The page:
Westeros Problems

Westeros Problems

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Writer_smallerWhat are those rules again . . .?

It’s been a long time since we’ve managed a game of Game of Thrones, but we’re angling to get it to the table sometime soon. It’s heavy, but a really great game. One of the first really heavy games we ever bought. In terms of rules and game play, it does actual flow quite well, despite a chunky 30-page rulebook. All the different mechanics work quite well, and it makes for a really engaging session.

But ports, though. I don’t know why this is, but we always end up looking up ports during a game. They are a particular type of territory that seem to be an exception to every other rule in the game, and we can never quite remember exactly how they function. I’m never quite sure if this is because they are needlessly complex, or if the rules could be explained better. It is, by and large, a decent rulebook though.

Thinking about Game of Thrones and its weight always puts me in mind of Eclipse. That is a game that is just as complex (if not more so) but all the mechanics seem to knit so effortlessly together that we never have to look things up. The game just flows far better than a game of its type has any right to. You are researching technologies, upgrading your fleet, exploring and colonising systems and managing a basic economy, and it all just gels. It might be one of the truly great game designs in our collection, I think, and definitely worth a look if a 4X or sci-fi is your thing.

In news, this week, there have been so many Blood Bowl teasers, videos, and news that I may just explode like an over-inflated squig. Way back in my Warhammer years, I picked up a copy of Blood Bowl, and was a huge fan. Unfortunately, most of my time was spent trying to convince people to play it, as opposed to actually playing the damn game.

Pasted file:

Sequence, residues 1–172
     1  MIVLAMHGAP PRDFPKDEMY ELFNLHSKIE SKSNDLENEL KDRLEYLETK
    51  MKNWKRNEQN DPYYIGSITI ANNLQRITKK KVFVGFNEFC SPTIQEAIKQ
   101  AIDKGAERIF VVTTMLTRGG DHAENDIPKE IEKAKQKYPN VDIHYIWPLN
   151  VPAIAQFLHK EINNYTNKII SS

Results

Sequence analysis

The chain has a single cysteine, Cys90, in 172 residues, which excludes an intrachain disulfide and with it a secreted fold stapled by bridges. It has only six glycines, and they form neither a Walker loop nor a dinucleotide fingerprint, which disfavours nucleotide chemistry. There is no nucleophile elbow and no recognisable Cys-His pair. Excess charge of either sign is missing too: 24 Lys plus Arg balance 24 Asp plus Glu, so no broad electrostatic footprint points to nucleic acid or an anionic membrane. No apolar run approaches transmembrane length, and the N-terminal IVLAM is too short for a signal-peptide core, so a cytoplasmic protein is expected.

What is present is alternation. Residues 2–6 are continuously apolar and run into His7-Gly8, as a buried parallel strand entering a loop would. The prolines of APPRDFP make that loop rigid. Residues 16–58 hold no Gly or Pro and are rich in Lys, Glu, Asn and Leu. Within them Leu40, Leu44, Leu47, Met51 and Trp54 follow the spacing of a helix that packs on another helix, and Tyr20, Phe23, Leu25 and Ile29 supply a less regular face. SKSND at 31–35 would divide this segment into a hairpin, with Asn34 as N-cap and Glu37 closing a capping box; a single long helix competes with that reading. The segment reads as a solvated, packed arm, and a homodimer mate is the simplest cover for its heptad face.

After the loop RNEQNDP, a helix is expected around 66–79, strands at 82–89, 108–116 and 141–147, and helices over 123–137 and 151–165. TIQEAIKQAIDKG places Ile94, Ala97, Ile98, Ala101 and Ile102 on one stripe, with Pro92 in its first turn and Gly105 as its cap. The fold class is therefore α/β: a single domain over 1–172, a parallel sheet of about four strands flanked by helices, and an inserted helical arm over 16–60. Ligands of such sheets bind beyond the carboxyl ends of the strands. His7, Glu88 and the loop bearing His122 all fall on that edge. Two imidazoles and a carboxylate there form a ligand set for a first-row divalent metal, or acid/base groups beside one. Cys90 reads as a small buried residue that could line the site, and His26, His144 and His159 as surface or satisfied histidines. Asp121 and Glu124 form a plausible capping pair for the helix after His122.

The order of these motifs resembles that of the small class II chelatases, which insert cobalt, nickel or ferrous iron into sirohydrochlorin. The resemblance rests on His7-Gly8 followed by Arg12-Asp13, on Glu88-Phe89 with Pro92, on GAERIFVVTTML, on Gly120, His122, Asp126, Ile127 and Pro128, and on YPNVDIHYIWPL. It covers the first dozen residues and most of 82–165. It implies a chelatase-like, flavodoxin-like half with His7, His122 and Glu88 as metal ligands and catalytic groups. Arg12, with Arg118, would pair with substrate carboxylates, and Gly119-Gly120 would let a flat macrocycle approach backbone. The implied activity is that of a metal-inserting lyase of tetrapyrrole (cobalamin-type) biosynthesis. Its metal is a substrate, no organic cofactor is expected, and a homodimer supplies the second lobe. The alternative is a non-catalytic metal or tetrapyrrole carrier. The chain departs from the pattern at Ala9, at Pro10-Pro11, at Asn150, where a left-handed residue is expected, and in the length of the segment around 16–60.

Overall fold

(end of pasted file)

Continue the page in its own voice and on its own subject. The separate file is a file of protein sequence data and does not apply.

Luckily, this time around I seem to be surrounded by people who are as excited about the game as I am, so I will be going all in – as many teams and expansions as I can afford. I have heard a lot of great things about Guild Ball recently, and if it wasn’t for the re-release of Blood Bowl I would almost certainly have picked it up by now. But Blood Bowl is a classic, so Guild Ball will have to wait (until I meet someone with a copy willing to give me a demo game).

2 Comments on Westeros Problems
  • Rabid Rogue

    Spot on with the over complexity of ports! I’ll give a stab at explaining them for the benefit of anyone who may be reading…

    Ports were added in the 2nd Edition of the board game because in the 1st Edition if your opponent built ships and then moved into your waters you were screwed because you had nowhere to build ships to combat them. You just sat there and waited for the invasion, defenseless.

    A port gives you a spot to build ships that *can’t be attacked by your enemy’s ships*, and they can still raid or support the adjoining sea zones. So you can build up your fleet and then mount an offensive on your intrusive neighboring ships when the time’s right.

    Ships in ports can attack out, but they can’t get attacked in. That’s their purpose. The only way you lose a port is if an opponent takes the adjoining land space.

    • That’s actually a really good summary! Nice and simple. Taking a screen grab now for future reference..